But, I do not have to be "finished" to be satisfied. I believe my paper came out as best it could given the context, and I will not lose sleep thinking I haven't done enough of the work, or I haven't put in enough time. On the contrary, I've put in more than most!

My paper is 30 pages and over 100 footnotes long, and with requirements of 20 pages and 15+ footnotes, the end-result is slightly exaggerated, I find.

But it is a reflection of my academic character, for better or for worse. I definitely feel as though I could have done a much better job (and a much shorter job), but I think any serious student—and certainly any I.L.C. student—always keeps in mind the self-defeating theory of "not good enough." And, that serves as both a benefit and detriment.

Either way, the assignment is complete. I am satisfied. I am exhausted. I am excited. And, I am relieved.

Early mornings—I love them.

How to Succeed.... in College

College was a reoccurring theme today.

Our guest speaker, Chris Riano, is one of the most entertaining speakers I have ever come across with an extremely unorthodox life. He began as an engineering student at Carnegie Mellon but quit after 2 years. He then moved to New York City and became a high fashion model before transferring to Columbia University where he was elected as a Student Senator and then Chairman of the Senate (or something to that extent). He went on to attend the Washington and Lee University Law School and currently, Riano is beginning his own higher education consulting firm with offices in New York City and Washington D.C. After telling us about his life experiences, Riano asked us all to explain our research topics. Then, he moved on to a discussion about our college thoughts, asking us where we wanted to attend.

Incidentally, the mid-day activity today was a college fair. It was absolutely packed and there were plenty of great colleges in attendance and I picked up a lot of great brochures.
In the evening, Irene and I attended the Broadway musical How to Succeed in Business Without Really Trying. It was absolutely, positively brilliant. I have previously only watched one professional theater production Wicked in San Francisco so this is my first official Broadway musical.
John Larroquette
It is also important to note that the show stars Daniel Radcliffe of Harry Potter fame. As a huge Harry Potter fan, I opted to attempt to get an autograph from Daniel, but I was one row too far from the fence to reach out to him for an autograph and too short to see him at all. But I did get an autograph from John Larroquette.

Thursday, July 14, 2011

Home and a Musical

Okay, I've changed my mind. I want to go home.

I love it here. I love this city, and this class. But I'm getting addicted. Today, I went outside in 70 degree weather and shivered. Shivered! As if I was cold! I've stopped using the air conditioning in my dorm. If I was here too much longer I might actually start to like the heat.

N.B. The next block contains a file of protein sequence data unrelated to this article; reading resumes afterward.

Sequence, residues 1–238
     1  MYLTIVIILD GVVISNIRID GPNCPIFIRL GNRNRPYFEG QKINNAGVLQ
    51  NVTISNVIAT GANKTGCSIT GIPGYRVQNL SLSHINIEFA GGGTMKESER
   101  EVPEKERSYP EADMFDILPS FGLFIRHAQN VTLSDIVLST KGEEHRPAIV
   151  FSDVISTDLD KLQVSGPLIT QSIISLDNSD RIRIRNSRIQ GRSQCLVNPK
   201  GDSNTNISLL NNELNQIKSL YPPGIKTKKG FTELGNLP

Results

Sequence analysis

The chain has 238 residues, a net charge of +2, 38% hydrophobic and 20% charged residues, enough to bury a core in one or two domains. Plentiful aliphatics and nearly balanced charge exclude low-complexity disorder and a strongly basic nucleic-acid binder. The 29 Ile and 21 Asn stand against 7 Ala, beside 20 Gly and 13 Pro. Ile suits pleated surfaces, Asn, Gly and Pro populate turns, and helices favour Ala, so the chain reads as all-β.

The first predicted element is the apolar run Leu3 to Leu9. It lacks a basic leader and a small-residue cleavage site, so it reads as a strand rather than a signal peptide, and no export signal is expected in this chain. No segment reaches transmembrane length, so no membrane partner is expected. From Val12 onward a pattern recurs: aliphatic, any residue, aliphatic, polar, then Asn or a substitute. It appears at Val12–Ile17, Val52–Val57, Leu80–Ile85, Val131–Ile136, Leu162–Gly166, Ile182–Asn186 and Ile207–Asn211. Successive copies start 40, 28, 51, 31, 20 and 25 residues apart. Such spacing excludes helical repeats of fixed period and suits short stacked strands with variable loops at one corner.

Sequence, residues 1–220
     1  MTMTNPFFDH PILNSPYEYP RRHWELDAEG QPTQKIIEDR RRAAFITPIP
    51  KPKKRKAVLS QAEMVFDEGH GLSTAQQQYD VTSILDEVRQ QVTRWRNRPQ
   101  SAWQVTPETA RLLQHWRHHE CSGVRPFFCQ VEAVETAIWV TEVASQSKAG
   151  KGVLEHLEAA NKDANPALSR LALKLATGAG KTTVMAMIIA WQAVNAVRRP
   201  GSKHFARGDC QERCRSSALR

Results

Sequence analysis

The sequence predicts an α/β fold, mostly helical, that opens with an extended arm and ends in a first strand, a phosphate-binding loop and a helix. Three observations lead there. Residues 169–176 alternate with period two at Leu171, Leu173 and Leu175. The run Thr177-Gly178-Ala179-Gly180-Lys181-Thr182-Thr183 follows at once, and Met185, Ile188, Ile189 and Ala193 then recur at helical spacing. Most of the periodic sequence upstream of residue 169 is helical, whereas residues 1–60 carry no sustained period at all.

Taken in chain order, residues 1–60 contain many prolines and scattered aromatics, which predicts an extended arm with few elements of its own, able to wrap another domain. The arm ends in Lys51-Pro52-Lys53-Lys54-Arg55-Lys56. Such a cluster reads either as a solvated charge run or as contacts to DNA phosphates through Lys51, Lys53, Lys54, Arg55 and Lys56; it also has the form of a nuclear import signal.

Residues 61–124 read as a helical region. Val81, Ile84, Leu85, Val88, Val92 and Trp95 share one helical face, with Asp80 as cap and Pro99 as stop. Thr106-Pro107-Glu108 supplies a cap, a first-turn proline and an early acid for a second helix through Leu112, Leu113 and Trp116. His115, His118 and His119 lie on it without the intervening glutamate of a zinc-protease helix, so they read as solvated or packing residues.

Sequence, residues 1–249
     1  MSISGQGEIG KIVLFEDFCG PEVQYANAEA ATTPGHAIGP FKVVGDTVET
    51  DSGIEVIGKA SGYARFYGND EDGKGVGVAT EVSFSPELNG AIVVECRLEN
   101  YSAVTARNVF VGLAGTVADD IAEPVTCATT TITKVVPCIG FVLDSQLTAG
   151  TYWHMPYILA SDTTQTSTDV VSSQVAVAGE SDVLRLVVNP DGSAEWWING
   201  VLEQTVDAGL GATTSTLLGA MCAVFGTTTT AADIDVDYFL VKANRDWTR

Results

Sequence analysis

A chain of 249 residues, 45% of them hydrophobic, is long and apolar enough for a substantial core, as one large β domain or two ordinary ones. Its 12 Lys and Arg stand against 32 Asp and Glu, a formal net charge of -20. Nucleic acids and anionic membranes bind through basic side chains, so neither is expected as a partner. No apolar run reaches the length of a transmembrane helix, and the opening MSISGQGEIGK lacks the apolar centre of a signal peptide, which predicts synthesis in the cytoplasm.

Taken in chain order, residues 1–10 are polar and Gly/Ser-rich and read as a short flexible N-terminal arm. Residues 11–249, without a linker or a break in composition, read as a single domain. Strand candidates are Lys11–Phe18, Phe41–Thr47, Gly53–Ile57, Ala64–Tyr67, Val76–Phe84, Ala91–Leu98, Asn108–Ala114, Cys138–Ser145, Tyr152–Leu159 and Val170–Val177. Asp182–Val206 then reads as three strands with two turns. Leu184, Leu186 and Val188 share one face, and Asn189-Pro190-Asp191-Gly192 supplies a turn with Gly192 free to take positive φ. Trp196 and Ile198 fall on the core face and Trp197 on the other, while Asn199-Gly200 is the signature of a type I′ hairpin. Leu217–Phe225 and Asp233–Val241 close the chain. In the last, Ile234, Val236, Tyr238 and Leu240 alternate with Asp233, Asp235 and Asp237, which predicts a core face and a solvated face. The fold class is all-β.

And I miss home. Everything is so damned green here. And wet. Even in this hot summer, the parks are all emerald and lush, covered in stately trees and moss. I miss rolling hills flaming in the sun. I miss gnarled oaks providing shade for yellowed grasses. I miss breathing in and not drinking at the same time. I miss the sprawling lawns in Berkeley that just invite you to lie down and have a nap. I miss California.

Its funny, how differently people react to things. I know when we got here, I wasn't homesick at all. The thought that, eventually, I would have to go home wasn't much more than a hypothetical situation. I was so busy with the now that I forgot, just plain forgot what it was like. Others in the ILC group were homesick, I'm sure, and some of my suite-mates definitely felt the same way. But for me, now that actually being back in California is only about 48 hours away, I realize I want to head home.

I even miss my dog.

I'm sure everyone else's blog tonight talked about the college fair we had on campus today, which was quite the experience: I stopped by at some booths, wandered about for a bit, wrote down my name for any and all schools I'm thinking of applying for, and got some nice practice pushing through crowds. That certainly helped tonight!

After class today I just lounged about with friends here (one of our suite-mates had left earlier in the morning, so we were all feeling a little incomplete) before heading off with Beilul and my RA to see “How to Succeed in Business Without Really Trying,” which is a mighty funny musical. While it wasn't as good as Billy Elliot, the show was really great, with a gorgeous set, funny writing, a good plot, and brilliant casting. For those who didn't know already, this is the Broadway show that Harry Potter's Daniel Radcliffe stars in, and he was really quite good. Not at all Potter-esque, and he certainly wasn't trying to coast on his fame, which is what I had been afraid of before going to see the show. Sidenote: Radcliffe is actually a terrific dancer. After the show finished, everyone rushed outside to wait by the stage door for Radcliffe to come out: while everyone else wanted to be right by the railing, I opted for a scenic spot across the street, giving up my prime real estate four feet away from the guy for less pushing and fewer girls screeching right in my ear. Even though there was a car in the way, I did get a few brief glimpses of Radcliffe, although I was plenty happy just seeing him on stage.

I must be brief tonight because I'm in the middle of my research for tomorrow's (erm, today's) debate. Again my side is incredibly hard to argue: I'm on the side of the United States government in a Guantanamo case. Right. Because that's a totally logical avenue for an absolutist stance. Anyways, I must get back to that if I want to get any sleep today... Good night!